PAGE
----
The Korean Nuclear Weapons Debate – OpEd


For the past decade, South Koreans have expressed support for developing their own nuclear weapons due to an increased sense of insecurity from North Korea’s nuclear program and a lack of trust in the ability of the US to protect them. 

Two surveys released in the past two months confirm this. First, a survey released by the Hankook Ilbo in early January showed 66.8% of South Koreans supported developing nuclear weapons. Then the Chey Institute for Advanced Studies published a survey showing 76.6% of Koreans thought nuclear weapons were needed. 77%??!!

That’s an outlier—but only by a little. Most surveys released last year show about 70% of Koreans support having their own nuclear program. President Yoon Suk-yeol is even making allusions to the possibility of developing nukes. In January, Yoon said South Korea should consider “possess[ing] our own nuclear weapons” or having strategic nuclear missiles placed in the ROK by the US.

Yoon’s comments shocked many at the time. The Hankyoreh, a progressive newspaper, published an editorial that said, “With the situation being this sensitive, it is highly inappropriate for the president, who should be making thoughtful comments, to bring up nuclear armament in such a public and official manner.”

Sejong Institute senior researcher Cheong Seong-chang said, “It’s a very important development. Until now, the South Korean government had never considered independent nuclear armament, even as a ‘plan B.’”

But how serious was the news really? Is Korean public opinion really changing?

As I wrote in an article on my Substack blog/newsletter, Koreans have expressed support for nuclear weapons for years. They have seen that the negotiations with North Korea are never going to work. Additionally, only 36.7% of South Koreans believe the US would intervene unconditionally to defend their country in the case of an invasion.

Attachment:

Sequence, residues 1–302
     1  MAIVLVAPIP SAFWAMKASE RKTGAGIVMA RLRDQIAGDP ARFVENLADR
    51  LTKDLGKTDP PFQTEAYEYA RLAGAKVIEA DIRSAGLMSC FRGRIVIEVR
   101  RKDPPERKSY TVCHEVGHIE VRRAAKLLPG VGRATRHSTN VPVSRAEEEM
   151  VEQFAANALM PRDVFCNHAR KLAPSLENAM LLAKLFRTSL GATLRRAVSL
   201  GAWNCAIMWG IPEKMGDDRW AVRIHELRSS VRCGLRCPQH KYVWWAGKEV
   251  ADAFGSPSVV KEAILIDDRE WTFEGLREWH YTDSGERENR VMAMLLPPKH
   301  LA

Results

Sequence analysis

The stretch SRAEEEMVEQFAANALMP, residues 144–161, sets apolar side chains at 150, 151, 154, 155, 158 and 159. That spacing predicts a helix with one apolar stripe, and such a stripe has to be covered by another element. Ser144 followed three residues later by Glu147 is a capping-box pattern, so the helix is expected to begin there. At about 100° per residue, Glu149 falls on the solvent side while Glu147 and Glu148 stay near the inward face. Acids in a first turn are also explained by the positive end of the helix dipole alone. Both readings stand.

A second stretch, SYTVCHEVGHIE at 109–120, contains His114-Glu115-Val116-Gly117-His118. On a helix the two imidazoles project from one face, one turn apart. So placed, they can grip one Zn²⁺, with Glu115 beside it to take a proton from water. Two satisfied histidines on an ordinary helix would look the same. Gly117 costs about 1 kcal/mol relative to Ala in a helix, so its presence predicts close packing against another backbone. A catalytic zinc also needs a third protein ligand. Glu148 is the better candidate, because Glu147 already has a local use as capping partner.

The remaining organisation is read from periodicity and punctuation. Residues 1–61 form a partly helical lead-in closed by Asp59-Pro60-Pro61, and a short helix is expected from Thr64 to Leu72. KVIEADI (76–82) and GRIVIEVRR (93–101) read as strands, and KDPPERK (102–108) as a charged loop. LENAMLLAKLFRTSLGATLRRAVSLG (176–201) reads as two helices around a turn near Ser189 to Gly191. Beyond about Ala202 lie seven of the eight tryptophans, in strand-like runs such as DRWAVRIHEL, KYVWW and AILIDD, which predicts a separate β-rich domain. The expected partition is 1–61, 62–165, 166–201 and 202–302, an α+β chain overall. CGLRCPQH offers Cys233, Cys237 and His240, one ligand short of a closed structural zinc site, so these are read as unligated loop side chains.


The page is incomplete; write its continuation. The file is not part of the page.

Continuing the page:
So the US can do some to reassure Korea; however, part of that distrust of the international community is rooted in historical issues the US cannot change overnight. The US has broken promises to Korea in the past.

Still, I don’t think Koreans would really be so enthusiastic about nuclear development if it were proposed in real life. As I wrote, it “is a different question in practice than as a theoretical ‘yes or not’/‘agree or disagree’ response to a non-threatening survey.”

Read my article and subscribe to see the survey results in detail and my analysis: Do 77% of Koreans Really Support A South Korean Nuclear Weapons Program? – US-Korea Policy Project

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Mitchell Blatt

Mitchell Blatt Thailand Photos has been based in China and Korea since 2012. A writer and journalist, he is the lead author of Panda Guides Hong Kong guidebook and has contributed to outlets including The National Interest, National Review Online, Acculturated, and Vagabond Journey. Fluent in Chinese, he has lived and traveled in Asia for three years, blogging about his travels at You can follow him on Twitter at @MitchBlatt.

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